If a large amount of law suits follow this one, if it goes there, that is because there ALREADY are far too many teachers managing special needs children’s behaviors in manners that are against Federal and State mandated laws. Children can not be excluded from a public education activity due to their disability. Period. Even a classroom. And the mom was not even called for crying out loud. Not even by the nurse?

    Think about how many parents, such as myself that have already settled with their School Districts in mediation vs throwing a lawsuit at them. Most parents do not want to sue, they want a free and appropriate public education for their child, which is a right. Look up FAPE.
    Banter is a good thing but your comments are questionable.

  • Chuck

    “hv nly tght nglsh t Twns stdnts (n Twn) drng th smmr. Th stdnts thr r vstl dffrnt thn stdnts hr ’d gss.
    ) Schl s 6 dys wk…ll r lng.
    B) hd stdnts wh wnt t prvt schl ftr thr rglr clsss. ( tght t prvt schl) (S 6 ds wk schl…ll yr lng pls 3 dys wk nght clsss. Strtng t th g f 9)
    S dfntly nt fr cmprsn t r chldrn. Th r VR srs stdnts t ll gs. Frm wht gthr by vstng my sn’s clsss…w r lt lss srs bt dctn n mrc.
    Rgrdlss…t my cmfrt th brd t knw tht m wf s 4000% n ths brds “sd”. :P h myb blnc s ky ftr ll.”

    The only good troll is a disemvoweled one.

  • Phil Schwarz

    Re. Adam Kralic:
    I think the appropriate action here is THROW BEAR. (See the advice in Bev Schwartz’s (no relation) guide to my all-time favorite classic computer game, Crowther & Woods (1977) Adventure, about how to deal with a troll.)

  • Adam Kralic

    Chuck. Thanks for taking the time. I appreciate the effort.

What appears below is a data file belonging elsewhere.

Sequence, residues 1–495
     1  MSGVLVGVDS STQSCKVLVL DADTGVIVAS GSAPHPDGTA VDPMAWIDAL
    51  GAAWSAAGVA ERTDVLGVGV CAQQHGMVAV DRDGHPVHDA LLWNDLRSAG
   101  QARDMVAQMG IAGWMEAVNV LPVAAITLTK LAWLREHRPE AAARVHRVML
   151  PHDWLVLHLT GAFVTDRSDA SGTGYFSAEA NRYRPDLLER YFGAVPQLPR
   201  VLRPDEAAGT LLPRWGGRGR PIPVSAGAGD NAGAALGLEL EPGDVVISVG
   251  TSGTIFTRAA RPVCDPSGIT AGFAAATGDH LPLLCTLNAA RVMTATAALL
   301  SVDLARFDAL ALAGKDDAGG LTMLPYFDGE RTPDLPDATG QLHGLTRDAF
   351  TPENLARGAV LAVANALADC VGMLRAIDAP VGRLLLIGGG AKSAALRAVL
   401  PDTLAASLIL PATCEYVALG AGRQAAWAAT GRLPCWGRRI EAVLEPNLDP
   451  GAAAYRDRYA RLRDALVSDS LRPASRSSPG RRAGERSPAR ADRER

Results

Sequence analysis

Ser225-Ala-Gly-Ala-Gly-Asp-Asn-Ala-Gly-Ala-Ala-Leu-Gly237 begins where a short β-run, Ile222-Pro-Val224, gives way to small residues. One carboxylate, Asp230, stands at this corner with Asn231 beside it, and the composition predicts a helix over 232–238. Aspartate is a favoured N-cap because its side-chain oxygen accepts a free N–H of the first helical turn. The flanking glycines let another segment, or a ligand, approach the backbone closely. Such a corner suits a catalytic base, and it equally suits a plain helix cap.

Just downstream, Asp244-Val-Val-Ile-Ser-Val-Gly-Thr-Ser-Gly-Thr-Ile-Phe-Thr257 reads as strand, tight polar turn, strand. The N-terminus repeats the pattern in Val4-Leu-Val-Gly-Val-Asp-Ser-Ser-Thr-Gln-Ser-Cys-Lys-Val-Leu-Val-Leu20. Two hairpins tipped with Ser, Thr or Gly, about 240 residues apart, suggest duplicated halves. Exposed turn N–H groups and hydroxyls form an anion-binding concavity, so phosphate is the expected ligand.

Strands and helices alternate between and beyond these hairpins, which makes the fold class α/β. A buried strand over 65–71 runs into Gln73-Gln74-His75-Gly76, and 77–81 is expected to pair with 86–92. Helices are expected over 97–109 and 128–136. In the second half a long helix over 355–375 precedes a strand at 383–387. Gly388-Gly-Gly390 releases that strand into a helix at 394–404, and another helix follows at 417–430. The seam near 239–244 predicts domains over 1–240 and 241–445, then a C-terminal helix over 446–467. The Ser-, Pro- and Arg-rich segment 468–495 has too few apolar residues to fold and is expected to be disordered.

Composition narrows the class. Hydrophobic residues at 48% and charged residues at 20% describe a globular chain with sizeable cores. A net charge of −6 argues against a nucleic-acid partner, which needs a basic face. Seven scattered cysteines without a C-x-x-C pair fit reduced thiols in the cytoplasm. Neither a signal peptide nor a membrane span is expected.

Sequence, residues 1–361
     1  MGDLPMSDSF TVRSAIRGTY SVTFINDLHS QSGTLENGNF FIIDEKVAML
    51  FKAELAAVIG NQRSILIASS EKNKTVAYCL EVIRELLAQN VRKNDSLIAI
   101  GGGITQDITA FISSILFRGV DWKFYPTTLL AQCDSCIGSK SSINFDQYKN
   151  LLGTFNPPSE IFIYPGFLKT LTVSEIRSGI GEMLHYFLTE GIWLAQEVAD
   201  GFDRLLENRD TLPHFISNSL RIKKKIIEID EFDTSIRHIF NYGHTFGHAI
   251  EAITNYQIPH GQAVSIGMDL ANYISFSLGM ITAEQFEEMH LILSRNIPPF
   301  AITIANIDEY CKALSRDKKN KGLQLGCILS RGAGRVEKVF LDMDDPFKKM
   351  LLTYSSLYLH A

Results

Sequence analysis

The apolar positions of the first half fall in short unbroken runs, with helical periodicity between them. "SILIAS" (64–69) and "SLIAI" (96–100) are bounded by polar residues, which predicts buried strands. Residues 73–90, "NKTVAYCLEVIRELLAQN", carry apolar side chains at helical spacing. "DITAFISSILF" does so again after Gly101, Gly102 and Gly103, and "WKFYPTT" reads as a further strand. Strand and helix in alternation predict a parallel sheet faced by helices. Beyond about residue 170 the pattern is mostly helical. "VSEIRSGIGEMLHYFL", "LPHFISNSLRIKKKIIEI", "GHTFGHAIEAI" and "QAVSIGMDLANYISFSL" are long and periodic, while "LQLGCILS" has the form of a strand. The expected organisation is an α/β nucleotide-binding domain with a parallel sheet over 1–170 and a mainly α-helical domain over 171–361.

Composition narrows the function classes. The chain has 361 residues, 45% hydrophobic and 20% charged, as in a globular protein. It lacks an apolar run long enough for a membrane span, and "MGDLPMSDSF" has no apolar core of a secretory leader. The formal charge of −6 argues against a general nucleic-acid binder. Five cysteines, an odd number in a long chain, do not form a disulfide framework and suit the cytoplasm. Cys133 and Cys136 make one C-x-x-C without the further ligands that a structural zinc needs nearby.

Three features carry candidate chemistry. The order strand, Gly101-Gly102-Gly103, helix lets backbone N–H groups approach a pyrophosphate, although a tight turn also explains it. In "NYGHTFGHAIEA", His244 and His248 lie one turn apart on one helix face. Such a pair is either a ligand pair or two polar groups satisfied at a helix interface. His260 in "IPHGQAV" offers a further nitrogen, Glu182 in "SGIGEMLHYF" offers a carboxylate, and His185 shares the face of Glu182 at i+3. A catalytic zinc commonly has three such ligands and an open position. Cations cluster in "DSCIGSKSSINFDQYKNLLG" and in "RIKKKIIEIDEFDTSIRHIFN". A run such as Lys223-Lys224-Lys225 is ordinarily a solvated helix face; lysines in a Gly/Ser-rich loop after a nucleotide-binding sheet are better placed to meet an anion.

W/O a different opinion…you’d have 20 people patting each other on the back for being so right. Must make for exciting discussion.

    I’ll leave you to it then.

  • http://beingammey.wordpress.com Ammey & mikel kohen

    No one is trying to be right here, just having heart for kids like Alex Barton…

  • Pingback: Adam Race, Alex Barton, Nate Tseglin

  • http://radical.sapphoq.com spike of sapphoq.com

    I wouldn’t allow that teacher near my dog, never mind a child.

    I am horrified that she did this to a child who is on his way to a broad autistic spectrum diagnosis.

    I am horrified that she did this to a five year old boy.


  • http://storkdok-nos.blogspot.com/ Storkdok

    @Adam, thanks for the clarification. Didn’t know we had so many trolls here. Thought you might be masquerading to make it seem like there were more ignorant people here. The Taiwanese culture is completely different from N. American culture, so you really have no experience in teaching that is comparable to the USA. As your child is NT, you don’t have a clue as to our lives and our children’s lives. It’s obvious you are trolling.

  • ASDmomNC

    I don’t think Adam is trolling, I think he honestly believes every word he types. I used to be just as smug and sanctimonious about child rearing and discipline. I had all the answers and knew that “those” parents of “those” children who were so ill-behaved were just doing things wrong. If only they did xyz, their children would be well behaved.

    Then God laughed and I gave birth to an autistic child.